NASHVILLE, Tenn. (WKRN) — Metro Nashville’s license plate reader (LPR) six-month pilot program has ended, but there could be a push to make the LPRs permanent in the coming weeks.
LPRs automatically detect license plate numbers connected to a crime and entered into the National Crime Information Center (NCIC).
Metro launched a six-month pilot program this past January to test out LPRs. The department placed 24 fixed readers throughout the city, in addition to several mobile LPRs attached to patrol cars and trailers.
From May 18 to July 6, LPRs scanned nearly 5 million tags and generated close to 4,000 positive hits, according to the data.
Deputy Chief Greg Blair told News 2 LPRs have helped the department track down violent criminals and locate missing people in record time.
“An officer can run a tag in a car; this machine does it 10 times faster and more efficiently. An officer costs so much money; an officer takes vacation, an officer has days off, family is sick,” Blair said. “The machine is always there.”
During the most recent 10-day period, officers were able to recover more than 20 stolen vehicles and make more than 40 arrests, according to the data.
“There’s no other tool like it,” Blair said.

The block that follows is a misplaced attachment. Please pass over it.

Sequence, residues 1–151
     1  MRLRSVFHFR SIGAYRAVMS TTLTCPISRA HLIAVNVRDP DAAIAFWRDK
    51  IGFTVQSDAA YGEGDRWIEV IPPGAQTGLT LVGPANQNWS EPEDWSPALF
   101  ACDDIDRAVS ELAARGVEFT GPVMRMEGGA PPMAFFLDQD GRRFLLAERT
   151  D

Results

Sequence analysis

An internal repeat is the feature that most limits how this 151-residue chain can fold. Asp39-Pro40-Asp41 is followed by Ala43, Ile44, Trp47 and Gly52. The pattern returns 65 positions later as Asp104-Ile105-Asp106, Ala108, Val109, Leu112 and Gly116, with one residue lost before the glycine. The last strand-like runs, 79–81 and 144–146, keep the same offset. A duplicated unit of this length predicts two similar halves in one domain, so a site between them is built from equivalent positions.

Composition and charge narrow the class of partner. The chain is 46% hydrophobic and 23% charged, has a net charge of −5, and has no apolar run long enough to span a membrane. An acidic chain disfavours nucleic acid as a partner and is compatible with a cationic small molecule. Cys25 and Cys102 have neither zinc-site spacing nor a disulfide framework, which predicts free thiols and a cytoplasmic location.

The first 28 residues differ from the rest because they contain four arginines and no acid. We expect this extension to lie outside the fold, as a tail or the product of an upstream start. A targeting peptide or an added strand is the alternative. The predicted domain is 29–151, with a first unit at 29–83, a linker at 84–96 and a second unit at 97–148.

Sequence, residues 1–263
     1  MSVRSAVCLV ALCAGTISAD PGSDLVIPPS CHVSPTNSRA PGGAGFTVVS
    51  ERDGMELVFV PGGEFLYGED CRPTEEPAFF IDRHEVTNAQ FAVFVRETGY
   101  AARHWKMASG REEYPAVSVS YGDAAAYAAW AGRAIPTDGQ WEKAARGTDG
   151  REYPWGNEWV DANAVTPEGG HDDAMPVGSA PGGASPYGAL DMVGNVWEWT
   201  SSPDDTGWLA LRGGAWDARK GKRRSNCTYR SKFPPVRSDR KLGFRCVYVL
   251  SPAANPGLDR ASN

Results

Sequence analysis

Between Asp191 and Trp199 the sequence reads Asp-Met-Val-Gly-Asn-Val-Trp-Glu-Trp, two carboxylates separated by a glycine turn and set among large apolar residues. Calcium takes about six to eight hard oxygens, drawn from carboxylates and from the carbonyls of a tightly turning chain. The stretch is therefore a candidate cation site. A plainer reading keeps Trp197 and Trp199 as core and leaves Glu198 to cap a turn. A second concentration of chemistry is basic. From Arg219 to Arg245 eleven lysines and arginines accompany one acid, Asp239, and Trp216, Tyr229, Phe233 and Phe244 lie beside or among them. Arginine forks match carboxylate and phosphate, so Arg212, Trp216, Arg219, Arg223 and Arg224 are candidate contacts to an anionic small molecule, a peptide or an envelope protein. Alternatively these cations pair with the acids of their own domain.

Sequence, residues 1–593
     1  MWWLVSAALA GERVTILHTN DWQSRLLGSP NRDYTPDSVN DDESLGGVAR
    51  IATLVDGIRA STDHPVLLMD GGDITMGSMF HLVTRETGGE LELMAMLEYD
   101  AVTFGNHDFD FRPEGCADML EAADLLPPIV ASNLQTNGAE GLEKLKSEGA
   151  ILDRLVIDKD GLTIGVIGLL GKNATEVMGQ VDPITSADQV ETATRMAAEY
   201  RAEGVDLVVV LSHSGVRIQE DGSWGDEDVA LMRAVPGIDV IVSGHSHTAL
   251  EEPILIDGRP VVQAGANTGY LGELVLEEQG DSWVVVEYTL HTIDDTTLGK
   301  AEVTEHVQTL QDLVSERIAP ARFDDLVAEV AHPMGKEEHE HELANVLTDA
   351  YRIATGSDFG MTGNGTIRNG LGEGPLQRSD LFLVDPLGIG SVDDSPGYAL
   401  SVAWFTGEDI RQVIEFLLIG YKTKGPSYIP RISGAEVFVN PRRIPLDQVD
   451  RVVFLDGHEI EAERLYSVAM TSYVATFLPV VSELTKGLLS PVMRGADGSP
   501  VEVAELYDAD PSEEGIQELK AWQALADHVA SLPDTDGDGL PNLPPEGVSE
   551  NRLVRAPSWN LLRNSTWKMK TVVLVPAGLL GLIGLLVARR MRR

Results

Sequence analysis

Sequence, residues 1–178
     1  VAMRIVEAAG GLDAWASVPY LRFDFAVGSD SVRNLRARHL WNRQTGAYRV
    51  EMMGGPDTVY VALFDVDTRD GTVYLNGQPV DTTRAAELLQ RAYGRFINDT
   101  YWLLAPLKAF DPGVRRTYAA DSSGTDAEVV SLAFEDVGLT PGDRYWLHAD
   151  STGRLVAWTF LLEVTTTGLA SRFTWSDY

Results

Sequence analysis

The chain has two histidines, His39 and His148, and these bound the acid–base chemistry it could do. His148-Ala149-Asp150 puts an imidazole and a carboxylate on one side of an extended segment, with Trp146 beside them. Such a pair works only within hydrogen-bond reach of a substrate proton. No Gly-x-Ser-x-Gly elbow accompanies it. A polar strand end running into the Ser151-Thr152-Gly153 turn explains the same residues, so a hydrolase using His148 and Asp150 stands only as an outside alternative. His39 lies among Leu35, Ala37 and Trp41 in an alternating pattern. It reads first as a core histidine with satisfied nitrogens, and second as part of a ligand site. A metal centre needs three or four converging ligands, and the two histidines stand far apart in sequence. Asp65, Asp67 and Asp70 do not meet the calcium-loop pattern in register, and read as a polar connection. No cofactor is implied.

While some critics are concerned the LPRs target non-white, low-income minorities, Blair told News 2 the only people targeted are criminals whose tag information is entered in NCIC.
“It’s reading just the tag,” Blair said. “If your name is not in NCIC, you’ve got nothing to worry about. You’re going to go about your business just like you did every other day, but if your name is in NCIC, you’re going to hit.”
Metro police cited multiple instances where LPR hits have helped locate and apprehend dangerous criminals, including one suspect accused of carjacking a victim in Memphis and then stealing a car in Nashville.
Metro Councilman Jeff Syracuse told News 2 the city worked for two years to ensure the LPR data collection was secure, sensitive and limited. He believes the data gathered during the six-month pilot program proves the city’s hard work has paid off, however, he said there are still questions that need answers before deciding whether the technology should be made permanent.
“There are some concerns and questions about where the placement of these pilot LPRs have been, and we’re going to get answers on that. Ultimately, what does this look like going forward if we do indeed keep the program? Where [will] the LPRs will be located?” Syracuse said.
Syracuse said city leaders will gather with Metro police, the District Attorney’s office, the public defender’s office, and the Community Oversight Board to talk about the data and collect feedback before Metro council votes on a resolution to make LPRs permanent.
Multiple Middle Tennessee law enforcement agencies have permanent LPR programs in place, including Mt. Juliet Police, Hendersonville Police, Belle Meade Police, and Lebanon Police.